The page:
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Borehole imaging

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The term "borehole imaging" refers to those logging and data-processing methods that are used to produce centimeter-scale images of the borehole wall and the rocks that make it up. The context is, therefore, that of open hole, but some of the tools are closely related to their cased-hole equivalents. Borehole imaging has been one of the most rapidly advancing technologies in wireline well logging. The applications range from detailed reservoir description through reservoir performance to enhanced hydrocarbon recovery. Specific applications are fracture identification, analysis of small-scale sedimentological features, evaluation of net pay in thinly bedded formations, and the identification of breakouts (irregularities in the borehole wall that are aligned with the minimum horizontal stress and appear where stresses around the wellbore exceed the compressive strength of the rock).

The subject area can be classified into four parts:

  • Optical imaging
  • Acoustic imaging
  • Electrical imaging
  • Methods that draw on both acoustic and electrical imaging techniques using the same logging tool

Prensky[1] has provided an excellent review of this important subject.

Optical imaging

Downhole cameras were the first borehole-imaging devices. Today they furnish a true high-resolution color image of the wellbore. The principal drawback is that they require a transparent fluid in liquid-filled holes. Unless transparent fluid can be injected ahead of the lens, the method fails. This requirement has limited the application of downhole cameras. The other major historic limitation, the need to wait until the camera is recovered before the images can be seen, has fallen away with the introduction of digital systems.

The principal application of downhole video has been in air-filled holes in which acoustic and contact electrical images cannot be obtained. Most applications described in the literature are directed at fracture identification or casing inspection.

Acoustic imaging

Acoustic borehole-imaging devices are known as "borehole televiewers." They are mandrel tools and provide 100% coverage of the borehole wall. The first borehole televiewer, operating at a relatively high ultrasonic frequency of 1.35 MHz, was developed by Mobil Corp. in the late 1960s.[2][3] Since then, a succession of improvements have been made, principally through advances in digital instrumentation and computer-image enhancement. Modern tools contain a magnetometer to provide azimuthal information.

The borehole televiewer operates with pulsed acoustic energy so that it can image the borehole wall in the presence of opaque drilling muds. Short bursts of acoustic energy are emitted by a rotating transducer in pulse-echo mode. These travel through the drilling mud and undergo partial reflection at the borehole wall. Reflected pulses are received by the transducer. The amplitudes of the reflected pulses form the basis of the acoustic image of the borehole wall. These amplitudes are governed by several factors. The first is the shape of the borehole wall itself: irregularities cause the reflected energy to scatter so that a weaker reflected signal is received by the transducer. Examples of these irregularities are fractures, vugs, and breakouts. Moreover, the reflected signal is degraded in elliptical and oval wellbores because of non-normal incidence. The second factor is the contrast in acoustic impedance between the drilling mud and the material that makes up the borehole wall. Acoustic impedance provides an acoustic measure of the relative firmness of the formations penetrated by the wellbore material and, thus, it has the capability of discriminating between different lithologies, with high acoustic impedance giving rise to high reflected amplitudes. Borehole televiewers work best where the borehole walls are smooth and the contrast in acoustic impedance is high. The third factor is the scattering or absorption of acoustic energy by particles in the drilling mud. This problem is more serious in heavily weighted muds, which are the most opaque acoustically, and it gives rise to a loss of image resolution.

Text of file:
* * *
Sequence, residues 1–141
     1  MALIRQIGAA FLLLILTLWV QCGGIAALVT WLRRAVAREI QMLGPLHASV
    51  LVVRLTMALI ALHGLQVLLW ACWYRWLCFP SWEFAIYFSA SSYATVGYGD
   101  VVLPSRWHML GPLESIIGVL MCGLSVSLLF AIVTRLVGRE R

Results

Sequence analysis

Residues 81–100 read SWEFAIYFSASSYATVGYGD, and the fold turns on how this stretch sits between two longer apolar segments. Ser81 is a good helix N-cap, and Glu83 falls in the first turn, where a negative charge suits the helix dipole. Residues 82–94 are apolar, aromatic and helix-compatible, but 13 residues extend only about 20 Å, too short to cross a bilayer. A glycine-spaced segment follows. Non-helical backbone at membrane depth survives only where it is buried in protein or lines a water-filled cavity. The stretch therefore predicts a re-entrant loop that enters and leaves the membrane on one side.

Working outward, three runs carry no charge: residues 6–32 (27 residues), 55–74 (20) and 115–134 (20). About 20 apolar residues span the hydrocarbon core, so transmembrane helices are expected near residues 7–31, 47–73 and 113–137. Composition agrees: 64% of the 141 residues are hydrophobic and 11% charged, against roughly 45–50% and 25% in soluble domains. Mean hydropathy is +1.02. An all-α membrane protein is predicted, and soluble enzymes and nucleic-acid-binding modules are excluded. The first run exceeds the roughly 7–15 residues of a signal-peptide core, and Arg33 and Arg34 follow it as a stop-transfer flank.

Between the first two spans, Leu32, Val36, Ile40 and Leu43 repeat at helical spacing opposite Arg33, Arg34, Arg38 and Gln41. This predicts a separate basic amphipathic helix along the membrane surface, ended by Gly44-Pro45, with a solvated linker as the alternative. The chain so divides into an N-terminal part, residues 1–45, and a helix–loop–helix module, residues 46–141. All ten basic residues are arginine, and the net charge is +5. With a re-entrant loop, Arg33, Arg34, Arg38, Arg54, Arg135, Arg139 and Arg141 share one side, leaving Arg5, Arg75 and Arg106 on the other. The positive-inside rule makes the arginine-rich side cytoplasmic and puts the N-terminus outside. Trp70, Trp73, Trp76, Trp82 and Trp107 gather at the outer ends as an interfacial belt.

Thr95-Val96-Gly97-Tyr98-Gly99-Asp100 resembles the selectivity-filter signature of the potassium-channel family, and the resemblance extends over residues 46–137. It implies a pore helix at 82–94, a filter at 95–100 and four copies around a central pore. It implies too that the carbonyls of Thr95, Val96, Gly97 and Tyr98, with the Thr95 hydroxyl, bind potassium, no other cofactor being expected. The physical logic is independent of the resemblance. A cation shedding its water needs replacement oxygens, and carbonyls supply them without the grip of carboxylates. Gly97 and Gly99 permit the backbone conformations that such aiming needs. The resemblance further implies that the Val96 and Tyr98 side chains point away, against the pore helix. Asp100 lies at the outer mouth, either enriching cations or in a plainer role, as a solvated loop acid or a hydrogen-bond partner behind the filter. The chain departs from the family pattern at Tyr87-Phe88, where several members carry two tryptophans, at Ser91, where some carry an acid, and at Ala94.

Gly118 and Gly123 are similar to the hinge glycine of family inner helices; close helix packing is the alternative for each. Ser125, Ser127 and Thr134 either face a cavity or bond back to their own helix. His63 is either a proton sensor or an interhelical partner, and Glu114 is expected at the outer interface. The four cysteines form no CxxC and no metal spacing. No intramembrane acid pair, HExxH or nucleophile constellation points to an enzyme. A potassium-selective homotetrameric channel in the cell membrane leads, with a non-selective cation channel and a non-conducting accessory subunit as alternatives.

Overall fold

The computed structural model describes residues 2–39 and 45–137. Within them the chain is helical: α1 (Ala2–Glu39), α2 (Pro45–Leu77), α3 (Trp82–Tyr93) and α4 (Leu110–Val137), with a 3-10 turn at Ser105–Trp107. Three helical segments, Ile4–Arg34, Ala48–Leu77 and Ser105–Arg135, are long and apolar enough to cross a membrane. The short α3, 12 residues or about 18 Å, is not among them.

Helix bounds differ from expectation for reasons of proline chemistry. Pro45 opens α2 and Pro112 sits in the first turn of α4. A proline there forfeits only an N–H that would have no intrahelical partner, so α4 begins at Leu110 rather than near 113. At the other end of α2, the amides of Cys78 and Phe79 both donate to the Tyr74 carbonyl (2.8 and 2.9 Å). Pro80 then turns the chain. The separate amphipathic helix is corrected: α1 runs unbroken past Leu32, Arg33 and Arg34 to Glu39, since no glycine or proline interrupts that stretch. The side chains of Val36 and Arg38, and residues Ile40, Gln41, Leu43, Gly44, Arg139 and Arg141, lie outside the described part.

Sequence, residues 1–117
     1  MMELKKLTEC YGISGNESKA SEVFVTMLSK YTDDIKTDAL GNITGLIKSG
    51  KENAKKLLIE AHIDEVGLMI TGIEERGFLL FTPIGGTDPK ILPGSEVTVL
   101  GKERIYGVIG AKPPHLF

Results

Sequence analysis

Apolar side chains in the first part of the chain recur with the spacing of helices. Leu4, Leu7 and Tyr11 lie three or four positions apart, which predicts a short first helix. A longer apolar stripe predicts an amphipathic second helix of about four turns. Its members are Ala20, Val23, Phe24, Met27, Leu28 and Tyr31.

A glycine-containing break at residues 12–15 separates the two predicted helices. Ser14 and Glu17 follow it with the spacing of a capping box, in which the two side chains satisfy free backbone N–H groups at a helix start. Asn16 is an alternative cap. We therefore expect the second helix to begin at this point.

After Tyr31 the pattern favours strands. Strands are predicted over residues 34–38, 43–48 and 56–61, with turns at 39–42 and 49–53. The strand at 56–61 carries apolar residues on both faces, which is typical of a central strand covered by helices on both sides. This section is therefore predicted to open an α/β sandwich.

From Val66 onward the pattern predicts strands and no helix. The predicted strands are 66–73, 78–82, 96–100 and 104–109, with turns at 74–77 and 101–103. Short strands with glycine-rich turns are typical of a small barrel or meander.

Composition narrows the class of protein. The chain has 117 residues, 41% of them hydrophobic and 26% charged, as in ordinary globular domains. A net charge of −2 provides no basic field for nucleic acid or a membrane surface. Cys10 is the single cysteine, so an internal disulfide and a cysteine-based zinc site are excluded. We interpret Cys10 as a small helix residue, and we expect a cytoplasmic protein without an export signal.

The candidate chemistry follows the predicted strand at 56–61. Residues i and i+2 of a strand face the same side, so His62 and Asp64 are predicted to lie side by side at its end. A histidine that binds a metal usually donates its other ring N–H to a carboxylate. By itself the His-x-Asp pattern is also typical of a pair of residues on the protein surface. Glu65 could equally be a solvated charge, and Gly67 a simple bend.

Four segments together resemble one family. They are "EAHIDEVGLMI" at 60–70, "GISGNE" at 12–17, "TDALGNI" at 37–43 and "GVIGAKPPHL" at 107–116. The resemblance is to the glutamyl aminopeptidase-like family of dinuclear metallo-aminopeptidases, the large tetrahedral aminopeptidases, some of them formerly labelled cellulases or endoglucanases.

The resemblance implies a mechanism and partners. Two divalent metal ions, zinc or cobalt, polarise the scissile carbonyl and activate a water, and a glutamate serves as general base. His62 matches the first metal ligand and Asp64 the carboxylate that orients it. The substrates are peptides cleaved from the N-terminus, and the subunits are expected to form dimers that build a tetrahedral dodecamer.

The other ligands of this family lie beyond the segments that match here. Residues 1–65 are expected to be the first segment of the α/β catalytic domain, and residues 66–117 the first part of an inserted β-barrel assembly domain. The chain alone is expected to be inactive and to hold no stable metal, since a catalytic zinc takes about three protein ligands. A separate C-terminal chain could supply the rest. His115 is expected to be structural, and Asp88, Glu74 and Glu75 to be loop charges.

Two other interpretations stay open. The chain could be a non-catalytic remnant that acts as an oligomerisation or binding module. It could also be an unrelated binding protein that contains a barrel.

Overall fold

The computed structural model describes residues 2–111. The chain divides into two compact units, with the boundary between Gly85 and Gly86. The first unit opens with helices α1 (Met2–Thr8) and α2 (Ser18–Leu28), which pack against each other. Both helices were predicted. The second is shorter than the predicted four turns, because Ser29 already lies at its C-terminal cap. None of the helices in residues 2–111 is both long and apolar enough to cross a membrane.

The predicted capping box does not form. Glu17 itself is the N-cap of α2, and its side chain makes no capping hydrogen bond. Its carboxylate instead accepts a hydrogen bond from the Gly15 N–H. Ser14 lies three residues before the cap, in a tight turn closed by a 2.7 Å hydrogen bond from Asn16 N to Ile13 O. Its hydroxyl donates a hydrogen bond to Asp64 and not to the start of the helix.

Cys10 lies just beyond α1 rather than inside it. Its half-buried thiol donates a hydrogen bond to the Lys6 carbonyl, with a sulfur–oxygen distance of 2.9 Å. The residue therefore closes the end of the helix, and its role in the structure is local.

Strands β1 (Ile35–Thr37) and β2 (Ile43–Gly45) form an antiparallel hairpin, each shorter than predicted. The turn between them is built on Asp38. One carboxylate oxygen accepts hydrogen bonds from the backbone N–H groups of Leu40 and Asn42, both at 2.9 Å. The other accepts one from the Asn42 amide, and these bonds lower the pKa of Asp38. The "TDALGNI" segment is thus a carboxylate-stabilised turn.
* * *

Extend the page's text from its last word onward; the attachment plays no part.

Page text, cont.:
The borehole televiewer can provide a 360° image in open or cased holes. It can operate in all downhole environments other than gas-filled holes. The travel time for the acoustic pulse depends on the distance between the transducer and the borehole wall, as well as the mud velocity. Modern televiewers allow some independent method of measuring the mud velocity. Thus, the borehole televiewer also operates as an acoustic caliper log. For best results, the tool should be centered, although correction algorithms have been developed for eccentered surveys.

An example of a modern ultrasonic imaging tool is Schlumberger’s Ultrasonic Borehole Imager (UBI™), which is based on the cased-hole USI with two hardware modifications: a focused transducer was fitted for improved resolution, and an openhole centralizer was added.[4] The tool incorporates a rotating transducer within a subassembly. The size of the subassembly is selected on the basis of the diameter of the hole that is to be logged. The direction of rotation of the subassembly governs the orientation of the transducer. There are two positional modes:

  • The standard measurement mode with the transducer facing the borehole wall (Fig. 1)
  • The fluid-property mode with the transducer facing a target within the tool